Chatham Business Roundup

‘Jobs, jobs, jobs’ and the government’s role in business

BY ZACHARY HORNER, News + Record Staff
Posted 9/27/19

Politicians, especially those running for high office, on both sides of the partisan aisle, love to say they are going to create jobs. In a 2017 piece on economic development, the eponymous host of “Last Week Tonight with John Oliver” showed a montage of six individuals across the political spectrum who talked about jobs using the phrase “jobs, jobs, jobs” in some way.

“Politicians seem to think jobs are like Beetlejuice,” Oliver joked. “If you just say the word a magic number of times, they’ll just pop out of nowhere.”

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Chatham Business Roundup

‘Jobs, jobs, jobs’ and the government’s role in business

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Posted

Politicians, especially those running for high office, on both sides of the partisan aisle, love to say they are going to create jobs. In a 2017 piece on economic development, the eponymous host of “Last Week Tonight with John Oliver” showed a montage of six individuals across the political spectrum who talked about jobs using the phrase “jobs, jobs, jobs” in some way.

“Politicians seem to think jobs are like Beetlejuice,” Oliver joked. “If you just say the word a magic number of times, they’ll just pop out of nowhere.”

I wrote in the first edition of this column that I wanted to explore the intersection of business and government fairly regularly. So here I am, doing just that, but on a very broad scale.

I spoke to two elected leaders — U.S. Rep. Mark Walker (R-N.C.) and N.C. Rep. Robert Reives II (D-Chatham) — on this topic because I wanted to hear it from the government people themselves. They had similar perspectives on government’s role in business and the economy, but had different perspectives over whether a current policy position is really making a difference in the long run.

Both Walker and Reives generally agreed that the government should more or less do everything they can to let it do what it’s supposed to do.

“I don’t think they should be controlling it,” Walker told me as we walked from his office to the floor of the U.S. House of Representatives, “but anytime they can create a path, whether it’s small businesses — which is two-thirds of all jobs in this country — or large ones, to have the free rein to be able to expand, to build, that’s what I feel like their role is, not to orchestrate it to the place where they have their finger on the pulse of it.”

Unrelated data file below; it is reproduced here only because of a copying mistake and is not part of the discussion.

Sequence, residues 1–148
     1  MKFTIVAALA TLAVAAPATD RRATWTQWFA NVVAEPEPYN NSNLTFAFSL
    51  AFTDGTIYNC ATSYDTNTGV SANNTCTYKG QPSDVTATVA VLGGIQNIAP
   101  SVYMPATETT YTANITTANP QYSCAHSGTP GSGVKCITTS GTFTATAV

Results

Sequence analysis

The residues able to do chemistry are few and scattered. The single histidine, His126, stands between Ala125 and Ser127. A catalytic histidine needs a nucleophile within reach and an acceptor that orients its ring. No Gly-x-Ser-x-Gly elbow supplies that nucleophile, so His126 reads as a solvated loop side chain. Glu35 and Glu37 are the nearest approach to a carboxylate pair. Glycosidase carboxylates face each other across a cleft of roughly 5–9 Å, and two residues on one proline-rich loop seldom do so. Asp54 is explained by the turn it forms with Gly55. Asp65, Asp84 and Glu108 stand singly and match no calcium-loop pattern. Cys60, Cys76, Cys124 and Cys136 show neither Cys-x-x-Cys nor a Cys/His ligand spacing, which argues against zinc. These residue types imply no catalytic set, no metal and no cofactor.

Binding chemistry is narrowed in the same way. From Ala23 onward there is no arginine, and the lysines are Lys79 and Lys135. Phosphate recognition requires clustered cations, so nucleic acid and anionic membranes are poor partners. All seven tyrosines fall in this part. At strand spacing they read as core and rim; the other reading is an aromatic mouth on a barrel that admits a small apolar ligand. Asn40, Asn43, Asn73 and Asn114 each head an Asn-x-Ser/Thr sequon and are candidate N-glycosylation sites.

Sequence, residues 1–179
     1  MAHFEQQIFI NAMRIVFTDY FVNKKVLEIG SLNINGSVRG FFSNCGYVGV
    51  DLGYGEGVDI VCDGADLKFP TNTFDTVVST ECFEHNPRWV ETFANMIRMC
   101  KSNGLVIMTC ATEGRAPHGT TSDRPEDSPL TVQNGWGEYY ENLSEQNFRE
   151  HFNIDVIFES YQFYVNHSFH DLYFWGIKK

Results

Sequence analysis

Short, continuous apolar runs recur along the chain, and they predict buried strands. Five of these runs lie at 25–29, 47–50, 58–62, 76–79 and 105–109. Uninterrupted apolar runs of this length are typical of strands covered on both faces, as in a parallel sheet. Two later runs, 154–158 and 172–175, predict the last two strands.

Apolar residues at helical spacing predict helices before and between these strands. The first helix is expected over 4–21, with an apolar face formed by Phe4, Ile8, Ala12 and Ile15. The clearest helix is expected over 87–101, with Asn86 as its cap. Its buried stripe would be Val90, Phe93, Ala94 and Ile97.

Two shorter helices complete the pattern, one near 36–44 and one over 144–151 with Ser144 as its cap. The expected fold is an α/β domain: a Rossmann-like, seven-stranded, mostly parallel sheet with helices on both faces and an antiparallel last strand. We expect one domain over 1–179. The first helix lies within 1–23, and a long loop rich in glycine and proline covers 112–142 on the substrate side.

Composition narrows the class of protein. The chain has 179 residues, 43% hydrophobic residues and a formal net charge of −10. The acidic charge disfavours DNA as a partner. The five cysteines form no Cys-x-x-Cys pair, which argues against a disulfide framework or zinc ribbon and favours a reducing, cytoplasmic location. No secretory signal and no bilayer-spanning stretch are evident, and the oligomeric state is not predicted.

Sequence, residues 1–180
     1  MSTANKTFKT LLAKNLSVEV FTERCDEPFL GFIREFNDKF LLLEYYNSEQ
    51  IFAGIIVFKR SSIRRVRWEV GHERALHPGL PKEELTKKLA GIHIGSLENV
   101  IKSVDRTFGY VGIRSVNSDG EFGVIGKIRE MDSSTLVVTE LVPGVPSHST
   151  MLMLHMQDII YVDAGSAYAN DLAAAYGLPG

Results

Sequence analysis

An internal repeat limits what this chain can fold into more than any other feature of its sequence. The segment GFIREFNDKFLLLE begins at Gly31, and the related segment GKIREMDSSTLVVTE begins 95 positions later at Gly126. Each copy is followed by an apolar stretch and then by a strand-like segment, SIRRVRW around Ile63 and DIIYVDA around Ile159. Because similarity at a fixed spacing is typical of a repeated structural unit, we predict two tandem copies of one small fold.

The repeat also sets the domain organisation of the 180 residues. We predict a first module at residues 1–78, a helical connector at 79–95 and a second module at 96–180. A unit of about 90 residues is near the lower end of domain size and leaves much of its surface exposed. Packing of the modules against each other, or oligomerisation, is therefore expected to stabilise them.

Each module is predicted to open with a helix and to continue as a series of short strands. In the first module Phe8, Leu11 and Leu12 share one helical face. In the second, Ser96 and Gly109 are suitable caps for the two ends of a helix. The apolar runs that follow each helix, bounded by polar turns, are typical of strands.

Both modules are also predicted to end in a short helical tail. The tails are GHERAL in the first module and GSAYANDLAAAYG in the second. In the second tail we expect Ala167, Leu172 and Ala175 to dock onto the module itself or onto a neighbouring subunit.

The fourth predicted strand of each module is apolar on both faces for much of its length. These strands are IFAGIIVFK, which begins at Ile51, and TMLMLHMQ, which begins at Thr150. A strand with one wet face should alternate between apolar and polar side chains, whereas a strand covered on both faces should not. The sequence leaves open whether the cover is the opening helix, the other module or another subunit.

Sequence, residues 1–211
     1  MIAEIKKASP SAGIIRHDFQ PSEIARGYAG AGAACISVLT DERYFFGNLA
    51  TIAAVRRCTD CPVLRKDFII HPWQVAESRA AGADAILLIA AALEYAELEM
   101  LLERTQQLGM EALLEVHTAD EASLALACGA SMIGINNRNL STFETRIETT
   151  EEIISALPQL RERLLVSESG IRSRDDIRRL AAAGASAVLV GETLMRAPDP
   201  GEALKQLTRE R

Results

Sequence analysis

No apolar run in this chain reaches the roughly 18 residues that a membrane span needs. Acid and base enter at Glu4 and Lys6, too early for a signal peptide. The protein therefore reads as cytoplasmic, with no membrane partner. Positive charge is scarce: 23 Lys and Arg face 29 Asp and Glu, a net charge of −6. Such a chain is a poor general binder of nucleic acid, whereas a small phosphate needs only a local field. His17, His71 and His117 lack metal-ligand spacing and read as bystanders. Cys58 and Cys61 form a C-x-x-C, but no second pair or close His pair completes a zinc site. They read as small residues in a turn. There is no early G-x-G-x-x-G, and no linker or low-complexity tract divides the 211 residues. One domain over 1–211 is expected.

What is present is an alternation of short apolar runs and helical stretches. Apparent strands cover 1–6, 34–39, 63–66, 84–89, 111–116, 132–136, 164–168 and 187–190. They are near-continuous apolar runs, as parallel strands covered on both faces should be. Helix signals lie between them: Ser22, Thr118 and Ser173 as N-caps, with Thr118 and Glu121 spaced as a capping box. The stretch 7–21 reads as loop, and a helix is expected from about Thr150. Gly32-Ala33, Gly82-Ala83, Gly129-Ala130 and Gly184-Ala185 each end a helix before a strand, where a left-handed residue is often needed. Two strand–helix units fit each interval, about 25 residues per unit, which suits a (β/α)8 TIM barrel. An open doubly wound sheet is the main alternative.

Reives, who co-owns the law firm Wilson, Reives & Silverman in Sanford, said that can happen by the government investing things like in education, infrastructure and broadband and making more “macro” decisions.

“Generally, I feel that the government ought to make it easier and better,” Reives said. “I think it’s very important for us to always be thinking forward about economic development, how to recruit businesses, how to help homegrown businesses become successful. Truly, state government decides if businesses are going to live or die in this area. We’re the ones who’ve got make it work in this area. You’ve got to think of putting stuff in place that will allow business to thrive five to 10 years down the road.”

But when it came to both federal and state pushes to lower the corporate tax rate, the two diverged.

At the federal level, the Tax Cuts and Jobs Act passed in December 2017 dropped the corporate tax rate from 35 percent to 21 percent. Walker has touted that bill often and brought it up again while speaking about business and government’s intersection. He said that earlier in the day he spoke to leaders from Pfizer, the drug company which announced last month it was planning to invest $500 million and hire 300 people at its Sanford plant.

“They were saying, ‘We can’t tell you how much that has even impacted Lee County, the Sanford area, by lowering the overall corporate tax,’” Walker said. “They have been able to specifically add jobs right there in Sanford, North Carolina. We’re seeing that manifested right before our eyes. I think that’s what government’s role is, not to pick the winners and losers.”

North Carolina’s corporate tax rate hasn’t dropped as dramatically as it did on the federal level, but has also seen a decrease. The state corporate income tax rate dropped from 3 percent to 2.5 percent at the beginning of this year when new legislation took effect.

While Republican leaders in particular have touted the changes as part of the state’s growing economy, Reives said he believes the change is “reaching the point of diminishing returns.” He said he wants to give “everybody” tax relief, beyond corporations.

“Tax policy is not as simple as, I’m going to cut this tax and it’s going to create this job. It has to be part of an overall economic plan,” he said. “Think of all the other options you have before you increase taxes. The tax policy that we have right now, for me in particular as a business owner, has not made anything significantly better, and I feel like some of the investment in the community and that state that we’ve lost as a result has not made it a better environment.”

I’m not here to provide you an answer to which way is better. Tax policy is a highly-complicated subject that I will probably never be an expert in. But I find the general agreement refreshing — government should do whatever it can to help business thrive — even though how to get there is a matter of disagreement.

Reporter Zachary Horner can be reached at zhorner@chathamnr.com or on Twitter at @ZachHornerCNR, where he will be trying to refrain from complaining about all the streaming services wanting to take his money.

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